Retake: Representation of mothers, sons and servitude in Indian cinema – Entertainment News , Firstpost – Firstpost

In a scene from Yash Chopra’s Dharamputra (1961), two mothers vie for the right to be killed by their son. “Tum jaanti ho maa, bhagwan ke baad main bas tumhe manta hun. Par agar sachai ke raste se hataaya, toh main tumhari bhi parvaah nahi karunga,” Dilip played by a stunning Shashi Kapoor declares. Dharmputra, as the name alludes to, is a story about two different types of servitude – one in honour of the mother and another in honour of the state otherwise eulogised as the mother. Even within the film a birth and foster mother work together to mend a wayward, poisonous son. Much has been written about the mother’s figurative place in our cinema as the one burdened with moralism and responsibility, but in recent years at least, she has been relieved to an extent of both her duties as selfless guardian and purveyor of life’s ultimate truisms.
In Bimal Roy’s Maa(1952), two sons, diametrically opposite in moral conduct grow up under the guardianship of the same mother. Surprisingly, the one who is wrongfully convicted of thievery (Bharat Bhushan as Bhanu) is the one who eventually turns out to be reliable. In the context of motherhood, possibly no other film is recounted more than Mother India, the sagely portrayal of a mother who goes to all lengths to provide for her ailing family. But rarely has Hindi cinema, has shown the conflicted side of this familial equation. In Dharmputra, for example, a Muslim woman secretly accommodates the fact that the son she chose to not carry and nurture has turned into a bigot. It reeks of gullibility, even devotion in the face of tenuous moral dilemma.
 
During the 60s, motherhood manifested on-screen as a reflex to the uncertainty surrounding a young country. Independence had been won, but moral aptitude was an everyday battle. To choose to fight it also meant to be caged by its rigors. Naturally, it fell to the feet of mothers to salvage and save unreliable men. The 70s, however, saw the birth of tragic mother, the helpless widow whose condition inspires a kind of rage against the system. The role was of course iconised by Nirupa Roy, who mothered various versions of Amitabh Bachchan’s angry man avatar (Deewar being the most iconic). Deprived of agency, this wronged ‘bechari’ version of the mother inspired in her sons the will to punch above their socio-economic weight. They chased truth, while she remained home happy to be imprisoned by its many unsaid reckonings.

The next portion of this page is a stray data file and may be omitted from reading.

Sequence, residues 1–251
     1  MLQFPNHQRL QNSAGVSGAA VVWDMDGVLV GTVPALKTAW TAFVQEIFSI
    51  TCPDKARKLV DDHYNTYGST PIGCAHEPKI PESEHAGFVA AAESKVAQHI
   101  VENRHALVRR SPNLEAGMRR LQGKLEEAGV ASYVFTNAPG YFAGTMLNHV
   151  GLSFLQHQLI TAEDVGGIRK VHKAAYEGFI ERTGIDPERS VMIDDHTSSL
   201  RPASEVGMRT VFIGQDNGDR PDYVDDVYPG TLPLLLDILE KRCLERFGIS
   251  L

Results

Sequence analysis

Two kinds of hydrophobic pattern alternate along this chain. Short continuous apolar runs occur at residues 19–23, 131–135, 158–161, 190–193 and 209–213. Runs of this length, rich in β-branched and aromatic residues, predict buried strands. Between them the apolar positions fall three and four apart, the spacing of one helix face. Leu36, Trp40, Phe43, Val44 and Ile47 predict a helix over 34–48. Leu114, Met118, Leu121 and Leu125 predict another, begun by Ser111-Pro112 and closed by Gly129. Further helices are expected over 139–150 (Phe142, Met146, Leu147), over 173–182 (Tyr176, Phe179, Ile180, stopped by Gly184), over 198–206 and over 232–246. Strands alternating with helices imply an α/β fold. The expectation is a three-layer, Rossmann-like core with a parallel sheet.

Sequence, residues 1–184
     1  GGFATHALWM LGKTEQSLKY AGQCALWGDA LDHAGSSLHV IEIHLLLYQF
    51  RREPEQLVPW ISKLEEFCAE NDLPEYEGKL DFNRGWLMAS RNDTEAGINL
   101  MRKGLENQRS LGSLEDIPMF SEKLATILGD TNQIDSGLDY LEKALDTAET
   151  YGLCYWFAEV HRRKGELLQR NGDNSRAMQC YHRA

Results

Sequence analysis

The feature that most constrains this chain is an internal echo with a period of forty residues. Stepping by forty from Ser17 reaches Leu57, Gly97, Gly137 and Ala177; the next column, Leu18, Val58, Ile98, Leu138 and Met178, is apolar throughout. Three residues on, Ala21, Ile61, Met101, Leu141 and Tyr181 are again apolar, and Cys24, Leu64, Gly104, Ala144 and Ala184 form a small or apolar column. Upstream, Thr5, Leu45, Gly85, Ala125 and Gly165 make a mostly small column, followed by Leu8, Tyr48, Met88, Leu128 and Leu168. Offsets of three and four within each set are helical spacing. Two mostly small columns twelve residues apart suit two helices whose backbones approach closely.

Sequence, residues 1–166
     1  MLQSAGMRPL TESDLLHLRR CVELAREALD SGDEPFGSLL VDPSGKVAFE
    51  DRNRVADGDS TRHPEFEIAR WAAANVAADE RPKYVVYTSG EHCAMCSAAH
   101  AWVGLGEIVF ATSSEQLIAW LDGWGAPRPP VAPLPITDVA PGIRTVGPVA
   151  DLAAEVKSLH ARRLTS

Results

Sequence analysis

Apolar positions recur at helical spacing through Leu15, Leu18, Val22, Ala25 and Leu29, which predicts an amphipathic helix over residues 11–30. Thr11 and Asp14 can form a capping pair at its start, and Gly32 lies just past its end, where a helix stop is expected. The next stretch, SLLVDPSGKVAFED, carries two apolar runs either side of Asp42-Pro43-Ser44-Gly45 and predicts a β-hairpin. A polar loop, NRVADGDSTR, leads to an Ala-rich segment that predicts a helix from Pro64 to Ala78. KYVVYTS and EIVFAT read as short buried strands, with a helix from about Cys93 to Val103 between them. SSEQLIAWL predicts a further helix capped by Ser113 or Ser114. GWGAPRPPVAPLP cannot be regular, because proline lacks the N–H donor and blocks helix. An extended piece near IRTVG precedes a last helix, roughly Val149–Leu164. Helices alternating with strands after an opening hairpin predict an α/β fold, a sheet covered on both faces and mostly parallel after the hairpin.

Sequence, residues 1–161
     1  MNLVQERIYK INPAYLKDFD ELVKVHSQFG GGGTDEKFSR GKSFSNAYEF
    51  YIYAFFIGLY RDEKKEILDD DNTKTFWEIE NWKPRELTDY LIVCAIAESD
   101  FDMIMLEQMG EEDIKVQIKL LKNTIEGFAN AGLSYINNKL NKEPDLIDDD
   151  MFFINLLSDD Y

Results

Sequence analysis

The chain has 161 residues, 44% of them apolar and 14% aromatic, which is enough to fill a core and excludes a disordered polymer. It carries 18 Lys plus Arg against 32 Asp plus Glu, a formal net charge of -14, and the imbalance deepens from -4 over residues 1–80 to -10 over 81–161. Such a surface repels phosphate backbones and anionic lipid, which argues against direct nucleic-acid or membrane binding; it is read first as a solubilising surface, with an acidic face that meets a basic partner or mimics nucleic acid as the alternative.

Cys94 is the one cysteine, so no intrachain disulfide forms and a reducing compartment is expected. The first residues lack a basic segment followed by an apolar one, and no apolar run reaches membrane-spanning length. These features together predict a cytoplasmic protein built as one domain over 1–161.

In between these years of evolution, the mother-son relationship has also become susceptible to the powers of greed, desire and control. In Khoobsurat(1980) for example, a dictatorial mother’s control over a large household is unintentionally questioned when the chaos of defiant, young blood is fed into its system. Selflessness or sacrifice, control or liberality, mothers have raised men that fall on different spectrums of acceptability. The nature vs nurture debate holds true here to an extent because in both Maa and Dharamputra, the presence of motherhood doesn’t guarantee moral clarity, but simply the late chance to salvage something. In Vaastav, for example, Reema Lagoo’s endearing presence can’t quite save her son from devolving into self-annihilation. In Baghbaan similar things can be said of multiple childrenn, whereas in Pardes, the absence of an earthly mother figure renders a man both rootless and devoid of etiquette.
The mother-son relationship has reached the kind of evolutionary standpoint where mothers are allowed to be something other than reflective mirrors for their sons. To the point that the two exist in our cinema of their own accord, and not as the co-dependent emotional hook that makes either’s involvement inseparable from the other. Kirron Kher (Hum Tum) introduced the cool, will-not-always-give-you-a-shoulder-to-cry-on mom who references her son’s life as a matter of concern, and not her own sustenance. Sridevi’s late roles, in films like English Vinglish forayed into a mother’s own search for agency outside the ambit of looking after and raising the heroes of tomorrow.
The mother-son relationship has undergone change, with stories beginning to acknowledge a woman’s desire to live outside of her functional requirements. New-age mothers will quite possibly question her son’s choices, talk to him about issues that go beyond the cursory definition of good and bad. In Aarya, for example, a mother has to, in moments of need, entrust her reluctant son with duties she would, in a perfect world, never ask of him. The tables have flipped, and the burden of baggage lies on the shoulders on men for a change. It’s a collective scrambling-free from under the weight of handbooks about motherhood. It does, in a way, mirror the birth of this country.  From carrying us with the promise of possibilities, to now asking to be pulled along with a sense of survivability, even defiance.
Manik Sharma writes on art and culture, cinema, books, and everything in between.

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